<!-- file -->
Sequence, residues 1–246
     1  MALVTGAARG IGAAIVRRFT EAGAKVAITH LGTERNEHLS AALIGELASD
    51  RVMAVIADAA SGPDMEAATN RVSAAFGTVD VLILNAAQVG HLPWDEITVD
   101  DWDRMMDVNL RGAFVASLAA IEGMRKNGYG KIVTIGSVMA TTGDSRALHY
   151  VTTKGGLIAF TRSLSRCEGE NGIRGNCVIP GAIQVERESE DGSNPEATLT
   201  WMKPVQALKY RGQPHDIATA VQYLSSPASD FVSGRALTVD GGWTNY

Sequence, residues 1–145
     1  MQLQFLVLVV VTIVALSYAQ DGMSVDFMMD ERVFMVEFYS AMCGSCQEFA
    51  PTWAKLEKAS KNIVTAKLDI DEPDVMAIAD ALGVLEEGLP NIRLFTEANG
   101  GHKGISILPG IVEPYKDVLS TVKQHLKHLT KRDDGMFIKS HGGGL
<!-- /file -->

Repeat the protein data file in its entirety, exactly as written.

Sequence, residues 1–246
     1  MALVTGAARG IGAAIVRRFT EAGAKVAITH LGTERNEHLS AALIGELASD
    51  RVMAVIADAA SGPDMEAATN RVSAAFGTVD VLILNAAQVG HLPWDEITVD
   101  DWDRMMDVNL RGAFVASLAA IEGMRKNGYG KIVTIGSVMA TTGDSRALHY
   151  VTTKGGLIAF TRSLSRCEGE NGIRGNCVIP GAIQVERESE DGSNPEATLT
   201  WMKPVQALKY RGQPHDIATA VQYLSSPASD FVSGRALTVD GGWTNY

Sequence, residues 1–145
     1  MQLQFLVLVV VTIVALSYAQ DGMSVDFMMD ERVFMVEFYS AMCGSCQEFA
    51  PTWAKLEKAS KNIVTAKLDI DEPDVMAIAD ALGVLEEGLP NIRLFTEANG
   101  GHKGISILPG IVEPYKDVLS TVKQHLKHLT KRDDGMFIKS HGGGL